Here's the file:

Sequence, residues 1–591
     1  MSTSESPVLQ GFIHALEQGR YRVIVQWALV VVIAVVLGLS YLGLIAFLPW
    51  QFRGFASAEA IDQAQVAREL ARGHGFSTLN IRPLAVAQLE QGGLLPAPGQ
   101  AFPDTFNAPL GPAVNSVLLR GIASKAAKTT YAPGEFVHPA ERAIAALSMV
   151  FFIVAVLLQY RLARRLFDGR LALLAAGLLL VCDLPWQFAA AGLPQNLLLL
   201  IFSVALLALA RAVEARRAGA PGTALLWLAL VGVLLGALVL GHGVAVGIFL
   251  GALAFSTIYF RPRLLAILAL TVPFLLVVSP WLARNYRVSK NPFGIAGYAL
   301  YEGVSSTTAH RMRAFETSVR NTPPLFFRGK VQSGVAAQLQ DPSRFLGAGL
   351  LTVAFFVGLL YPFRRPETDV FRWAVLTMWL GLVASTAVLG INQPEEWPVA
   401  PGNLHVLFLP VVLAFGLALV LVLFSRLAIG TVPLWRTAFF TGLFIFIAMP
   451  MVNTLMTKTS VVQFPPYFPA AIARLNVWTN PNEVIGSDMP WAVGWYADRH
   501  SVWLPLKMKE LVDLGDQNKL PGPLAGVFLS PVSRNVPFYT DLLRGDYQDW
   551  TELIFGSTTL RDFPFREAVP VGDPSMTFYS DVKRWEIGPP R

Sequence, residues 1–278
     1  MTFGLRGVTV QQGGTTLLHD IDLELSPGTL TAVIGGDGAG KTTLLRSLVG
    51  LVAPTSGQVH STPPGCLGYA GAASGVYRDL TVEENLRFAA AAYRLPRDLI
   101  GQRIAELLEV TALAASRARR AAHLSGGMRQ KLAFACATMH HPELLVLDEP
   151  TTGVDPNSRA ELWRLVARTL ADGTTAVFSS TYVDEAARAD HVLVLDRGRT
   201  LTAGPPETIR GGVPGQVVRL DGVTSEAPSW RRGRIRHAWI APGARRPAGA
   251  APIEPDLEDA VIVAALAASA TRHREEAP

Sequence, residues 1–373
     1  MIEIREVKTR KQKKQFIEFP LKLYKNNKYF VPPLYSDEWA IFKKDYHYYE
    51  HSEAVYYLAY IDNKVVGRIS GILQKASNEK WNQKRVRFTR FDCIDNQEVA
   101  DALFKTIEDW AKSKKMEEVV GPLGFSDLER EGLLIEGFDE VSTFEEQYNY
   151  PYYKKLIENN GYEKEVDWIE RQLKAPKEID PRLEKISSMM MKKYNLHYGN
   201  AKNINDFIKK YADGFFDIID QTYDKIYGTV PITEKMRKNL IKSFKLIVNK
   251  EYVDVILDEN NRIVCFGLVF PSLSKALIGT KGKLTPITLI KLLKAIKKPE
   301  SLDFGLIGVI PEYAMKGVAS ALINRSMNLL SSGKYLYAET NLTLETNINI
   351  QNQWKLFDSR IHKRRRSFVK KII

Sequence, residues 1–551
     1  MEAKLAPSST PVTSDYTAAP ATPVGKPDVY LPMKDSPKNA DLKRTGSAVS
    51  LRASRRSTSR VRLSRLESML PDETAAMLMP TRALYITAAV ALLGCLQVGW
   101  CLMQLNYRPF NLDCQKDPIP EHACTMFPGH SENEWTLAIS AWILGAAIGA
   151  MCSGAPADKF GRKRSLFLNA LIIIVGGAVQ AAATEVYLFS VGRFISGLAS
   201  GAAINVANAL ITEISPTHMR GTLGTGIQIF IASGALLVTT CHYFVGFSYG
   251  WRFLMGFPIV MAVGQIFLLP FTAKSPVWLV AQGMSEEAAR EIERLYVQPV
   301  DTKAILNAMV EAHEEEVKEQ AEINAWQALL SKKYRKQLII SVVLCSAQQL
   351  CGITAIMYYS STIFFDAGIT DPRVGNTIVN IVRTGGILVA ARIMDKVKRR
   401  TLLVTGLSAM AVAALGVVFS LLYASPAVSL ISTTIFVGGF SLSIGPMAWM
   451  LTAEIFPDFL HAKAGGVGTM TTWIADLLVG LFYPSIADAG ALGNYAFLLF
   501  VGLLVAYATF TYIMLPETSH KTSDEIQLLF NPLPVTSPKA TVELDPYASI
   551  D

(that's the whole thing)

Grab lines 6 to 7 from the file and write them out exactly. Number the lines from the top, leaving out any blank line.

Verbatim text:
   201  IFSVALLALA RAVEARRAGA PGTALLWLAL VGVLLGALVL GHGVAVGIFL
   251  GALAFSTIYF RPRLLAILAL TVPFLLVVSP WLARNYRVSK NPFGIAGYAL